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November, 2009 | Manolo's Food Blog
Archive - November, 2009

Grandmother’s turkey

While shopping at the Union Square farmer’s market, Mr. Henry passed a stand selling fresh, farm-raised turkeys. Small, firm, not fat, they looked almost like a different species from the big-breasted turkey grandmother used to make. He tucked a 7 ½ pound bird into his backpack and boarded the subway for home.

After sitting for two days in dry salt and black pepper, the turkey was ready to be smeared with butter, sprinkled with paprika, and stuffed with fresh sage, savory, and onion. (He covered the breast in cheesecloth infused with more butter.) The plan was to shock the skin at 425º for half an hour and then turn the temperature down to 350º for the remaining hour and a half.

But this was not your grandmother’s turkey.

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Organic, farm-raised birds of today don’t have much fat. After half an hour the pan was nearly devoid of drippings and the bird looked dry. Mr. Henry quickly poured some white vermouth into the pan. After another half an hour the pan was dry once again and the bird looked like leather. More vermouth!

The final result was a bird with crispy skin and great flavor, but a dry exterior. Next time he buys a bird as lean as this one, he will wrap the whole bird in parchment. A small, free-range turkey simply does not contain enough internal moisture to survive two hours in the oven without some protection. (Mr. Henry’s English friend Louise pours an entire bottle of white wine into the drippings pan. Her gravy is amazing.)

The heart, gizzard and neck roasted in the pan, as did assorted vegetables – celery, carrot, onion – which came out nearly black but delicious, nonetheless. Chopped neck and heart combined with the deglazed pan drippings (more vermouth!) made giblet gravy. The roasted gizzard went straight to the stock pot followed by those delicious roasted bones.

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Chopped dried apricots soaked in Madeira, which unexpectedly were a hit with the kids, were this year’s surprise ingredient in the sage and bread stuffing. Red and white Swiss chard drizzled with balsamic made a delightful vegetable.

Eating Animals

Have you noticed lately that vegetarianism has been on the upswing? Jonathan Safran Foer has been hectoring us about the evils of Eating Animals, cataloguing our collective moral depravity and bloody Morlock slouch towards planetary destruction.

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What accounts for the ascendancy of this idea?

Is it wrong to dine upon the flesh of sentient creatures? Granted, the noble pig is clever. Like Mr. Henry himself, a pig can admire its image in a mirror. But what about the chicken, the sheep or the cow? What pull do they have on our heartstrings?

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Ever since Mr. Henry watched a video in the Monterey aquarium documenting an octopus delicately tasting the arm of its beloved handler and then erupting in pulsating colored stripes of delight, he has foregone pulpo on the menu. What a glorious creature, the octopus, prince of invertebrates, capable of unscrewing a mason jar. Show me a pig that can do that.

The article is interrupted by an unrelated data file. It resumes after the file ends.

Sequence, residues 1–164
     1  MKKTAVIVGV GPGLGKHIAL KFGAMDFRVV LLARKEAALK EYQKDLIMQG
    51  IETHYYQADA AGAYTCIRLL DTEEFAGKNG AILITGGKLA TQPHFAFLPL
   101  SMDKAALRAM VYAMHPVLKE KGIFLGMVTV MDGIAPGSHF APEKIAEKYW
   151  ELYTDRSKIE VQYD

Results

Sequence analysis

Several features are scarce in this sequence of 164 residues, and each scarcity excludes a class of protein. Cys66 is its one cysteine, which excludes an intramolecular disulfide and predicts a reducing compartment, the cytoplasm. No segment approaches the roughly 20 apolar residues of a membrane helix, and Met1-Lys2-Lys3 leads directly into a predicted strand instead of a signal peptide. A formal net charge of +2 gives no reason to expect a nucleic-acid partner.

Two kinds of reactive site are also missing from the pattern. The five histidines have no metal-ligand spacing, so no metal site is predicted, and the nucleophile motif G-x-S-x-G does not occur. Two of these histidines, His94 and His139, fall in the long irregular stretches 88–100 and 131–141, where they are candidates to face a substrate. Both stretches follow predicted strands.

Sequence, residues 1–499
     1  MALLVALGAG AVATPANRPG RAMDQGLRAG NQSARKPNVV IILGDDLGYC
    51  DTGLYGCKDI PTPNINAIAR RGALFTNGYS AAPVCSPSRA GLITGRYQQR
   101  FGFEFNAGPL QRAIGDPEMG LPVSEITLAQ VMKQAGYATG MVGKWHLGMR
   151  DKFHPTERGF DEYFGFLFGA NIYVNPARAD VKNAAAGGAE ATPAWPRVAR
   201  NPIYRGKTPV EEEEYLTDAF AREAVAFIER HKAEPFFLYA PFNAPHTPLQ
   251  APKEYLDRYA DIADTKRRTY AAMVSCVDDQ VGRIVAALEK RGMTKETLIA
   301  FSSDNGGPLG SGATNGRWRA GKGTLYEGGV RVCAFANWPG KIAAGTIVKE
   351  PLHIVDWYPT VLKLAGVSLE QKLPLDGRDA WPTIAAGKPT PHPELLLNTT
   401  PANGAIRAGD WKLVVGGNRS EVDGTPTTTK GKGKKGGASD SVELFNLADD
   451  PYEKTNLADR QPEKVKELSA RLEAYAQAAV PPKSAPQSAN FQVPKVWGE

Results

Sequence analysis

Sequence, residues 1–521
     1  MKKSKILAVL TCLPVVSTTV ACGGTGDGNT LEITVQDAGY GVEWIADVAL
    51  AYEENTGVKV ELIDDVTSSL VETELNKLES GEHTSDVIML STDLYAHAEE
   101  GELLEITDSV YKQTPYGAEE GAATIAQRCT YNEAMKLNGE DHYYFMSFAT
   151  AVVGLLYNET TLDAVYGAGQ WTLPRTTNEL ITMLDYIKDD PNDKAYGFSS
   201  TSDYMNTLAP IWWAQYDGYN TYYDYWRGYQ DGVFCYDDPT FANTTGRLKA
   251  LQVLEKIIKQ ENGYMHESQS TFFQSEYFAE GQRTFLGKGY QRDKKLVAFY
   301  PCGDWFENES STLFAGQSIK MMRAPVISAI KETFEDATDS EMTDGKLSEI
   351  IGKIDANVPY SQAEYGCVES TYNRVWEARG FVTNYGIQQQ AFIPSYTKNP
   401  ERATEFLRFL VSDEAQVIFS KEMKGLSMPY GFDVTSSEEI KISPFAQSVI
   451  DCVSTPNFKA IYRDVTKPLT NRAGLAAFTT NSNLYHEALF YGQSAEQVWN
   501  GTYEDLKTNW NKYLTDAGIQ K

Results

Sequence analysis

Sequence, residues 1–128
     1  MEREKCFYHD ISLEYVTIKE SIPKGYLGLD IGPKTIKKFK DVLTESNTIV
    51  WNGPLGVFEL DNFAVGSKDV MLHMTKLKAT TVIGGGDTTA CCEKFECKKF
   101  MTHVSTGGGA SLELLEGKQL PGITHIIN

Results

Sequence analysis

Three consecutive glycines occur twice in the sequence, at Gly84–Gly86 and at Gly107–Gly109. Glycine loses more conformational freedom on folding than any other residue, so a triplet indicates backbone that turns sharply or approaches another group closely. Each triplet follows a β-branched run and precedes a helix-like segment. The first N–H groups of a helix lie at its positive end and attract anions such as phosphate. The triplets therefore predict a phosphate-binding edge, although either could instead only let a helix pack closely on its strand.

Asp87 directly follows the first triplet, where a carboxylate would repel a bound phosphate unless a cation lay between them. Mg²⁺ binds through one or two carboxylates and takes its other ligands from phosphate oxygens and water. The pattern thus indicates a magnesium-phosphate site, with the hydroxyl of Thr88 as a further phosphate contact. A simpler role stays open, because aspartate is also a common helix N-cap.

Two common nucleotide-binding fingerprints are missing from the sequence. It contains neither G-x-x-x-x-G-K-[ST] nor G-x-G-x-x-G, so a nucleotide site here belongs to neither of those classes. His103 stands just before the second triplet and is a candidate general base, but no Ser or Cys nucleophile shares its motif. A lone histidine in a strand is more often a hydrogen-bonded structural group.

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Why can’t people live in harmony with animals without resorting to the barbarism of slaughter?

The answer is time. While a pig has all day to root around for the tastiest tubers, modern persons like ourselves need to cook something dense with food value, get it done, and get going. It is damnably difficult to find satisfaction in vegetables alone if you are cooking in a hurry, unless you happen to be one of those raw-diet enthusiasts, in which case you and the pig share the same diet and possibly the same flavor profile (hence the South Seas nickname for tasty captives, “long pig”).

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And what can we say about the inevitable smugness that clings to vegetarians? It’s maddening when a table guest announces that meat is vile succor. Perhaps South Seas cannibalism started right there. A local chief just had enough of that superior attitude.

The fruit of knowledge

fuji.jpgThe house is awash in apples – Fuji for eating; McIntosh, Macoun, and Granny Smith for cooking, plus a few more odd bins varietals.

Apple dishes that graced the Henry table in the month of October include cranberry apple crisp, cinnamon applesauce, apple pie with splash of lemon (and a splash of rye whiskey on the crust), apple compote made with orange juice, and at nearly every meal sliced fresh apples for dessert.

Johnny Appleseed, that great American (and yes, he was a real man), sowed seed down the Ohio River. Because his apple trees bore gnarly, sour little things, their principal use was for making hooch, a habit long lost in the 21st century. Today’s Calvados is too expensive and apple brandy is too rough.

Most persons of Mr. Henry’s acquaintance no longer prepare alcoholic beverages at home, but Mary and Michael made some up in the Catskills. They threw apples in a big metal bucket, let them rot, and cooked it up. The resulting clear, very alcoholic firewater was delicious but very hot, hot enough to trade with Indians in exchange for pelts.

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After drinking this particular firewater for a good while, Mr. Henry began to see more clearly. The apple’s significance took on new meaning, or else its meaning took on new significance. It’s hard to recall. As the serpent said to Eve, the apple is the fruit of knowledge.

It’s not only the fruit of fall, it’s the fruit of the fall from grace.

But isn’t a good apple worth the trip?